The firm represented the defendant a local company that installs and services swimming pools. The plaintiff was an employee who brought suit under the Fair Labor Standards Act for alleged failure to pay overtime and retaliatory termination under 29 U.S.C. § 215(a)(3) of the FLSA. The Defendants moved to dismiss the case or in the alternative for summary judgment. The court granted the motion after finding that there was no enterprise coverage over the Plaintiff' claim, nor was the employee covered individually under FLSA. The court held that Defendant' business was not subject to FLSA just because they used supplies that had previously traveled in interstate commerce or that Plaintiff installed products that had previously traveled in interstate commerce.

•  Brillas v. Bennett Auto Supply, Inc., 675 F. Supp. 2d 1164 (S.D. Fla. 2009)

The firm obtained a summary judgment in favor of their client Bennett Auto Supply, Inc. in a case alleging violations pursuant to the overtime provisions under the Fair Labor Standards Act, 29 U.S.C. §§ 201 et seq. Defendant, Bennett Auto Supply, Inc., sells auto parts and supplies on a wholesale and retail basis throughout the State of Florida. The Plaintiff held three positions with Bennett Auto: store manager, assistant store manager, and assistant store manager II. Suit was brought against the company after Plaintiff was discharged. The case had significant ramifications to the defendant because the company utilizes and has utilized the three different positions at many of its stores.

Bennett Auto successfully moved for summary judgment arguing that not only were all three positions exempt from FLSA coverage under the executive exemption but also the administrative exemption. Concerning the executive exemption, Bennett Auto was able to show that the Plaintiff' primary duty was management duties, he customarily directed the work of at least two other workers, and had input on the hiring and firing of employees. Concerning the administrative exemption, Bennett Auto was able to show that the Plaintiff had an office, non-manual labor position and regularly exercised discretion and decision-making on matter of significance. The entry of summary judgment was not appealed.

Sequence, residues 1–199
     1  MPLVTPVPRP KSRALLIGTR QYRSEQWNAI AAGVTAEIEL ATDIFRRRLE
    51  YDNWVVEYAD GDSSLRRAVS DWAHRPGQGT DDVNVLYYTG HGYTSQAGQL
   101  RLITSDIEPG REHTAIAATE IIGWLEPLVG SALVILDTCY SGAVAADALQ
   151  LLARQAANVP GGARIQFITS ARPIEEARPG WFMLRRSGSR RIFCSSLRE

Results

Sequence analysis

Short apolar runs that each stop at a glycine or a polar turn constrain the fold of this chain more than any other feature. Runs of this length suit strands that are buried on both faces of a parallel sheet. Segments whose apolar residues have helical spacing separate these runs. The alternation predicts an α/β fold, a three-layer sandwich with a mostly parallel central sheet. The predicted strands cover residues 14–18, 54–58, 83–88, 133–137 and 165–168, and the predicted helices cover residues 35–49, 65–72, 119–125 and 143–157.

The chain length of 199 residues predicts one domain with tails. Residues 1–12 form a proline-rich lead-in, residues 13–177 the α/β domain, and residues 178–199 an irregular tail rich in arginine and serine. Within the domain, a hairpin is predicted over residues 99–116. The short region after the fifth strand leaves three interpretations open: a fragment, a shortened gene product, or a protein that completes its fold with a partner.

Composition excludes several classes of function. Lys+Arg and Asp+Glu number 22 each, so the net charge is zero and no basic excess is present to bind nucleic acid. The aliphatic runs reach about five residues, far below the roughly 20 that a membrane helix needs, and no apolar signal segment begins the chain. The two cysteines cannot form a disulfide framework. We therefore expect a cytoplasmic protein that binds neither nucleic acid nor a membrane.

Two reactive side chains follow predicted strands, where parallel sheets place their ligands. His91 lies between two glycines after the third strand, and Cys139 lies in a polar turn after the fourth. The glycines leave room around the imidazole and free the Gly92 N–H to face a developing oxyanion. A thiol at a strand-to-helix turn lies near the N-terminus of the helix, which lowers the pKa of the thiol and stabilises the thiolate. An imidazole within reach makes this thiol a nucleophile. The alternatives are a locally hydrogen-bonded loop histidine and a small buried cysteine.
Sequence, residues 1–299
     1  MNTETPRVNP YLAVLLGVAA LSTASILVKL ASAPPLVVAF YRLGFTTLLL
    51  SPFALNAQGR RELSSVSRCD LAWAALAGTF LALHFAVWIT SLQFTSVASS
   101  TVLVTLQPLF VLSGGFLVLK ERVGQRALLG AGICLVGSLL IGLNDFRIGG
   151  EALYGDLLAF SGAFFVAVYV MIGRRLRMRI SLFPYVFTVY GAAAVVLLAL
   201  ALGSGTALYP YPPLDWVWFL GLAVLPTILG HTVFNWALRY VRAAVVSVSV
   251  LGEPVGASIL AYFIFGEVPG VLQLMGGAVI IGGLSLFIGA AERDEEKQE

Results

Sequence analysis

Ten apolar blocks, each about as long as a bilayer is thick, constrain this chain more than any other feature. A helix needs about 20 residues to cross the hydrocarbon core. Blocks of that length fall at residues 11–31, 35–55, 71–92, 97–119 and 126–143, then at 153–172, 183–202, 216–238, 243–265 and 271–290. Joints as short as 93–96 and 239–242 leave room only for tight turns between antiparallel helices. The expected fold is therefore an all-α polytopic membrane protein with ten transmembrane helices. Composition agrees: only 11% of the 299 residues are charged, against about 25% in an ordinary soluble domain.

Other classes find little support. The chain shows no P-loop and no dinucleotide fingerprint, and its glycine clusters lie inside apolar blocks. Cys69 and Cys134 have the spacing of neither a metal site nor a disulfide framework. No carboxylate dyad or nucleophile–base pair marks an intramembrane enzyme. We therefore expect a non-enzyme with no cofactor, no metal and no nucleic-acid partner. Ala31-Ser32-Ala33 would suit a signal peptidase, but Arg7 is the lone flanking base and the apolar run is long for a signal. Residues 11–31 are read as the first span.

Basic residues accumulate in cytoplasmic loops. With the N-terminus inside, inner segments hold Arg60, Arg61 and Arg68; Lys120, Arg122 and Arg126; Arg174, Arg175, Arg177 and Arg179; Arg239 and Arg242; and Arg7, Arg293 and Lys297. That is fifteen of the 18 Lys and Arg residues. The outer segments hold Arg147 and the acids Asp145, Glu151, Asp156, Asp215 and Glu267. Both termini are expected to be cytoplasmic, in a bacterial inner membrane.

•  Monelus v. Tocodrian, Inc., 598 F. Supp. 2d 1312 (S.D. Fla. 2008)

The firm represented Tocodrian, Inc. which operated a local restaurant. The Plaintiff brought suit alleging overtime violations pursuant to the Fair Labor Standards Act, 29 U.S.C. §§ 201 et seq. , seeking unpaid overtime compensation, liquidated damages, costs, and attorney' fees. The defendant moved for summary judgment, which the court granted after finding that the defendant was not engaged in interstate commerce and thus was not subject to the FLSA. The court also held that regardless of the defendant' classification that the plaintiff did not work in excess of 40 hours.

•  Navarro v. Broney Automotive Repairs, Inc., 314 Fed. Appx. 179 (11th Cir. 2008)

The firm represented the Defendant, which is a local automotive repair business. The plaintiff was an employee who brought suit under the Fair Labor Standards Act, 29 U.S.C. §§ 201 et seq., alleging unpaid overtime compensation. The Defendant moved for summary judgment because Defendant was not subject to the FLSA and the motion was granted. Navarro v. Broney Automotive Repairs, Inc., 533 F. Supp. 2d 1223 (S.D. Fla. 2008). The plaintiff appealed claiming that he was engaged in commerce because the automotive parts he used to repair the vehicles flowed in interstate commerce until the parts reached the customer. The court rejected this argument and found that the parts interstate activity ended when the parts reached the retailer' shop from which the Defendant purchased the parts. The Plaintiff taking those parts and placing them in customers' cars was purely intrastate activity and thus not subject to FLSA coverage. The Plaintiff filed a writ of certiorari with the Supreme Court of the United States which was summarily denied after the firm' Brief in Opposition was filed. See Navarro v. Broney Automotive Repairs, Inc., 129 S. Ct. 507 (2008).

•  Guzman v. Irmadan, Inc., 322 Fed. Appx. 644 (11th Cir. 2009)